When the action kicks in around the 50 minute mark and the hunters start being taken out, it becomes clear that this is no Harry and The Hendersons. With bark sculpted armor, bow and arrow skills and glowing red eyes, Bigfoot is a deadly warrior. The costume looks fantastic and frankly, I wish I had an action figure.
As the hairy hunter takes a dude’s head off with a hatchet or rips a man’s face in half by the jaw, the gore is unbelievably effective. Best of all, it’s 100% practical effects that when mixed with the beautiful camerawork makes the action far more visceral than anything you’ve seen on screen in a long time. The kills are staged so impressively that the effects of the recent Planet of the Apes films, however impressive that CGI work may have been, pale in comparison.
A new layer of mystery is added as Max is healed in the home of a hunchbacked witch who looks like a refugee from the Evil Dead franchise, while Ashley becomes a beautiful captive in Bigfoot’s less than comfy cavern. This imagery is all intercut with scenes of a Native American ceremony attended by the lawmen, giving the whole sequence a surrealistic feel.
The location scout of Primal Rage also deserves a heck of a lot of credit for this film, as the deep woods setting feels almost otherworldly. Mossy trees with giant trunks covered in ominous fern and fog give the story an epic feel so that when the final confrontation between the Oh-Ma warrior and our human heroes goes down the stakes are raised exponentially simply by the grim greenery of their battlefield.
What’s awesome is that Ashley’s character shows a real inner strength throughout the film. She doesn’t take guff from her husband, a pack of randy hunters or Sasquatch. Even when held captive she fights back and breaks her way out to get revenge on her captor. The moment when the couple finally lock eyes in the wood while hunting Bigfoot and realize the other survived is truly touching.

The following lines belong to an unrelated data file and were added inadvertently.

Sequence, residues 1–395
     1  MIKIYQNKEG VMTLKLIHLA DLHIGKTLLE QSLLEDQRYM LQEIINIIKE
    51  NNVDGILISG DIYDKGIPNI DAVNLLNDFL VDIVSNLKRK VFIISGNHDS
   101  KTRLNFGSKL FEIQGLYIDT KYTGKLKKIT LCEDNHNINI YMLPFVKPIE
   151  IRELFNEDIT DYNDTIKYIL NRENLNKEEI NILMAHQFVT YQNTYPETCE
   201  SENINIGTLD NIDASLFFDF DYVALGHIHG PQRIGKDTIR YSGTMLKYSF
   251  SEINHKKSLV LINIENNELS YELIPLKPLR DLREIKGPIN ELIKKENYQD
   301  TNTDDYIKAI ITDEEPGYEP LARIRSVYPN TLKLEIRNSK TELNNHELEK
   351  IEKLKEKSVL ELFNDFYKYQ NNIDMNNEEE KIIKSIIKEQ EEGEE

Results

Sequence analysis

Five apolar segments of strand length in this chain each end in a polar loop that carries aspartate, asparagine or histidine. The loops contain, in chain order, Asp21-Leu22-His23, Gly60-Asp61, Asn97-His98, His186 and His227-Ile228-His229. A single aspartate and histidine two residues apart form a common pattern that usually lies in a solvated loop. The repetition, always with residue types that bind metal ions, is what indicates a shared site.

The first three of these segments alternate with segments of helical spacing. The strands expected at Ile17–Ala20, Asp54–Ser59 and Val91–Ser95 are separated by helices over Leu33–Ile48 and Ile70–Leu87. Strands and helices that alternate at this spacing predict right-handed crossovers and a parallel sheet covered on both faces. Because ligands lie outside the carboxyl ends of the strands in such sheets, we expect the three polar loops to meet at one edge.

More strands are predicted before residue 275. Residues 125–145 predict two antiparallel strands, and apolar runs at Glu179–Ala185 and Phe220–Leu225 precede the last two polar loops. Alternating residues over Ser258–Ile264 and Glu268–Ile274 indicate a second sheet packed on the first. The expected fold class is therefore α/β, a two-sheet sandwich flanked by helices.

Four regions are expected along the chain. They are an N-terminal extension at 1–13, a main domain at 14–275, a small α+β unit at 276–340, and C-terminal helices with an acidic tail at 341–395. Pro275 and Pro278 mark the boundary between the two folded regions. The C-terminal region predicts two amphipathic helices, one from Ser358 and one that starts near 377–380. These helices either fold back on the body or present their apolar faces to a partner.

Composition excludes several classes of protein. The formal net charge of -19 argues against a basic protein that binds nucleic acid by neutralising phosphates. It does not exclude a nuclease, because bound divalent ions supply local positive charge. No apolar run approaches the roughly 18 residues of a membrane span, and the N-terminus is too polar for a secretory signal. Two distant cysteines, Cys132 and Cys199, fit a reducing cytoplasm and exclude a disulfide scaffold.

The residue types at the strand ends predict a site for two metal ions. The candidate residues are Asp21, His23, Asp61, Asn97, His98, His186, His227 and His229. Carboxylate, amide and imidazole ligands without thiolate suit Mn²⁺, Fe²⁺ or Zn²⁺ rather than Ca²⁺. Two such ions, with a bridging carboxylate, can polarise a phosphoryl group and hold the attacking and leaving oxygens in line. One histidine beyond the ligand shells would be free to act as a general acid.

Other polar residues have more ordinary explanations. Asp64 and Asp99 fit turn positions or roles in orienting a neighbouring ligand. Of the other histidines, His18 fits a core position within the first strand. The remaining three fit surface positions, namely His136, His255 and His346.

It’s in this climax that a running gag from the opening about learning the proper technique for fashioning a shiv in prison finally pays off while Max and the now injured Oh-Mah battle one on one in the closest thing we get to Primal Rage video game style action. While Max’s mud-soaked look harkens back to Schwarzenneger’s throw down with the Predator, the ultimate end of one of the contenders is much more brutal than that space warrior’s cowardly self-destruct move.
The shocking ending of Primal Rage perfectly sets up a sequel that I hope comes sooner than later, since this is honestly the best film I have reviewed for Popgeeks.net up to this point. It deserves to be seen by as many people as possible.
Killer action, strong performances by our lead actors and excellent work behind the camera make Primal Rage one of the strongest genre films of the year so far. It’s screening nationwide for one night only on February 27th through Fathom Events before hitting VOD, so keep an eye out for this awesome adventure flick.